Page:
Journalism Group Criticized for Plan to Train Chinese Officials
STEVE INSKEEP, host:
A respected foundation faces questions about whether it crossed the divide between reporters and the people we cover. The Nieman Foundation invites distinguished journalists to spend a year of study at Harvard. Recently some past fellows discovered that the same foundation offered to run seminars for Chinese government public relations officials. They're preparing for the 2008 Olympics in Beijing. Here's NPR's David Folkenflik.
DAVID FOLKENFLIK reporting:
At a reunion last weekend at Harvard, more than 100 former Nieman Fellows packed into a wood-paneled room to talk with curator Robert Giles. One of those fellows, NPR's Howard Berkes, asked Giles whether the foundation had agreed to hold sessions for the Chinese publicity officials. Giles said yes, and the issue exploded. In an interview, Giles says the Nieman Foundation will educate Chinese officials about American press values and the First Amendment, not train them to spin.
Mr. ROBERT GILES (Nieman Foundation): We'll also tell them that the journalists will want to report on much more than the Games. Many journalists will want to pursue stories about human rights or the imprisonment of journalists or air pollution or other topics as well as the Olympic Games themselves.
FOLKENFLIK: But some Nieman Fellows were outraged. China is a repressive, one-party state. Richard Dudman, a Nieman Fellow in 1954, was a reporter for the St. Louis Post-Dispatch for more than 30 years and reported frequently from Asia.
Mr. RICHARD DUDMAN (Former Nieman Fellow): I think it's a mistake for the Nieman Foundation particularly to accept subsidy from the Chinese government. They don't treat their own news people or visiting news people very well.
FOLKENFLIK: Liu Binyan knows that all too well. He's in his 80s now, but he started as a reporter for China Youth Daily five decades ago and then reported for the People's Daily. He was expelled from the Communist Party and thrown out of work for muckraking reporting on corruption there. He came to America in 1988 as Nieman Fellow and stayed here because the Chinese authorities barred his return. And Liu says he's upset that the foundation has made common cause with the Chinese government.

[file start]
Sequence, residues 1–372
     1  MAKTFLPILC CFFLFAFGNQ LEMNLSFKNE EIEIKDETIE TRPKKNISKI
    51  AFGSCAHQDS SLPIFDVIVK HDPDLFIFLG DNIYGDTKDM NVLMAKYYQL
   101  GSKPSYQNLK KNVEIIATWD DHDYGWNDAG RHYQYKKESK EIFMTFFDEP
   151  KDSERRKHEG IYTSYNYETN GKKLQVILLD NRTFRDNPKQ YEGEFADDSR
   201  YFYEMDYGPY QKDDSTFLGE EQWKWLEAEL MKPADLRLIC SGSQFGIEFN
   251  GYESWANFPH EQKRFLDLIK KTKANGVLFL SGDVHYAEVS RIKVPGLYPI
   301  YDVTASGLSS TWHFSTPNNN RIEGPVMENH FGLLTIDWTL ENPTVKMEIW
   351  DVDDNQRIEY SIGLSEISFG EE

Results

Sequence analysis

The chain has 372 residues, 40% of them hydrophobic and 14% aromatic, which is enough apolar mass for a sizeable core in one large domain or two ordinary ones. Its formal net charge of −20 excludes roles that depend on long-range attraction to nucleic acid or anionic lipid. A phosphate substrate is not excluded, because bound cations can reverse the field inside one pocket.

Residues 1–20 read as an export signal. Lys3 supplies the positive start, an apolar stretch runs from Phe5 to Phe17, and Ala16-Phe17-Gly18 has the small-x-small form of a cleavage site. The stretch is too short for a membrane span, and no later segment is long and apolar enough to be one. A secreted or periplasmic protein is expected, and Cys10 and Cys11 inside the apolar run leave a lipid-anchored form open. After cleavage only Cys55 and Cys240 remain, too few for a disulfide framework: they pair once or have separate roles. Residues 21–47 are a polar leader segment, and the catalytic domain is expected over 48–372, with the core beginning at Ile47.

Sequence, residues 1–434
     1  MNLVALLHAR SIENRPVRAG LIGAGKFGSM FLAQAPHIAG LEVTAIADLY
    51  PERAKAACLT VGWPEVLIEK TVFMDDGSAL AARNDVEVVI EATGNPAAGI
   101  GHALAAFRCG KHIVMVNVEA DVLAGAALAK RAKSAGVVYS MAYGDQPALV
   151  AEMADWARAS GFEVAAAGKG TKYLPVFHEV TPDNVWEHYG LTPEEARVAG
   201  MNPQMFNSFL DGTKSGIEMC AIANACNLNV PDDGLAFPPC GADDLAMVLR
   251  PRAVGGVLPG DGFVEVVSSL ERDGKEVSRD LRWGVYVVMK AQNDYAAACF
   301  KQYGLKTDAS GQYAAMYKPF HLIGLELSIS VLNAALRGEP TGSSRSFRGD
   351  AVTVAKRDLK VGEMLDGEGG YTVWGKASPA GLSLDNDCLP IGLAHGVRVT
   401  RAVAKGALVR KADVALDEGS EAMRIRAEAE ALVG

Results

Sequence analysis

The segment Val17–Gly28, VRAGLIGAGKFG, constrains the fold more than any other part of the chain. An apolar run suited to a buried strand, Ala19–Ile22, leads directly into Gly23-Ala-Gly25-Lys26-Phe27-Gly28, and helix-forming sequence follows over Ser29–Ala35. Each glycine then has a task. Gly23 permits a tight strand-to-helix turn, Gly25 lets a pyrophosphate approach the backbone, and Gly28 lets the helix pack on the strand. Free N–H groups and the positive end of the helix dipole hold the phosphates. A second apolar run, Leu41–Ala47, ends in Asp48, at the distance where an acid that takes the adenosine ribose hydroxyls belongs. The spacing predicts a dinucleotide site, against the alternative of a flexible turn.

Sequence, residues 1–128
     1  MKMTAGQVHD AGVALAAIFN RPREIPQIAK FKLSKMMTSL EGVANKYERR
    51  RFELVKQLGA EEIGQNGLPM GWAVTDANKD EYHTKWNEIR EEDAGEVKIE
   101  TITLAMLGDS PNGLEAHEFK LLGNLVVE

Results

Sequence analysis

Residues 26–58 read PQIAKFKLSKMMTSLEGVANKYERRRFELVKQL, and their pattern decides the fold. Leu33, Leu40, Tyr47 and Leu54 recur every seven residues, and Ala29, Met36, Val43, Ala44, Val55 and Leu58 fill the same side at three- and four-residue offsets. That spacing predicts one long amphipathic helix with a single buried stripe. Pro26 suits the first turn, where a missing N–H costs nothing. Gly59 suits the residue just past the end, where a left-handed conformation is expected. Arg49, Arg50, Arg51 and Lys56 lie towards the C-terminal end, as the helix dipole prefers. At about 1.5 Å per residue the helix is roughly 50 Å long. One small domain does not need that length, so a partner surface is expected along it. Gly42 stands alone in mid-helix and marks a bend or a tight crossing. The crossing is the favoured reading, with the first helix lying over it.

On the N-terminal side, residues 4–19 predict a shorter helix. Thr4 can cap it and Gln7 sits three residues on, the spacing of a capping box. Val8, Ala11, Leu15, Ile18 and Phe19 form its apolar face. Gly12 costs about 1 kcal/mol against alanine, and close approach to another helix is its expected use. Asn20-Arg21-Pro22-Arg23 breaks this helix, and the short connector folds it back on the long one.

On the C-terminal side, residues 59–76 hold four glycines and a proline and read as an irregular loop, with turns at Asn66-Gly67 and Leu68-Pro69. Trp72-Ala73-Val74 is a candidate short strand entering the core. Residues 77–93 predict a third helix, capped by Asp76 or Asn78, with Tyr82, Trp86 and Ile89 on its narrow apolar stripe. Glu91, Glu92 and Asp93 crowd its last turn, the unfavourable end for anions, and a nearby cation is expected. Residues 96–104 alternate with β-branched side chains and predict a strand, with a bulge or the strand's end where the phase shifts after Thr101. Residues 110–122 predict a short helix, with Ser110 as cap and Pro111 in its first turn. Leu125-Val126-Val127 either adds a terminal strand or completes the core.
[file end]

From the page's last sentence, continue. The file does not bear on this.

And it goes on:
Mr. LIU BINYAN (Former Nieman Fellow): I think that will damage its reputation and the Nieman fellowship.
FOLKENFLIK: Liu says the arrangement gives repression by the Chinese a Harvard seal of approval.
Mr. LIU: So many newspapers were closed and so many journalists lost their jobs.
FOLKENFLIK: These incidents are closely monitored by the Committee to Protect Journalists in New York City. Ann Cooper is the group's executive director. She says China has an abysmal record of abusing the media.
Ms. ANN COOPER (Executive Director, Committee to Protect Journalists): It's one of the worst in the world. It's the world's leading jailer of journalists. They imprison people for speaking critically on the Internet. They even spy on people's cell phone text messages.
FOLKENFLIK: But Cooper also says she strongly favors the idea of a program for the Chinese public relations officials.
Ms. COOPER: They certainly need lessons in all of those things--First Amendment, press freedom. Why are those things important to the public? You know, why does the public have a right to free and independent information? Yes, China's officials could use lessons like that.
FOLKENFLIK: Another Harvard center that promotes the study of China first asked Giles over a year ago to help train 40 Chinese officials who'd be visiting this summer. Giles said he agreed because Chinese officials should gain perspective about the role of the media before thousands of journalists swarm Beijing for the Olympics.
Mr. GILES: You don't know whether they'll stick or not, but it certainly is worth the effort. I really believe very strongly in engagement and in talking and in building relationships.
FOLKENFLIK: While many campuses train government officials, journalists are often reluctant to collaborate with them. Years ago, Nieman Fellows used to take trips abroad, paid for by the US and foreign governments, a practice they have since stopped.
David Folkenflik, NPR News, Washington.
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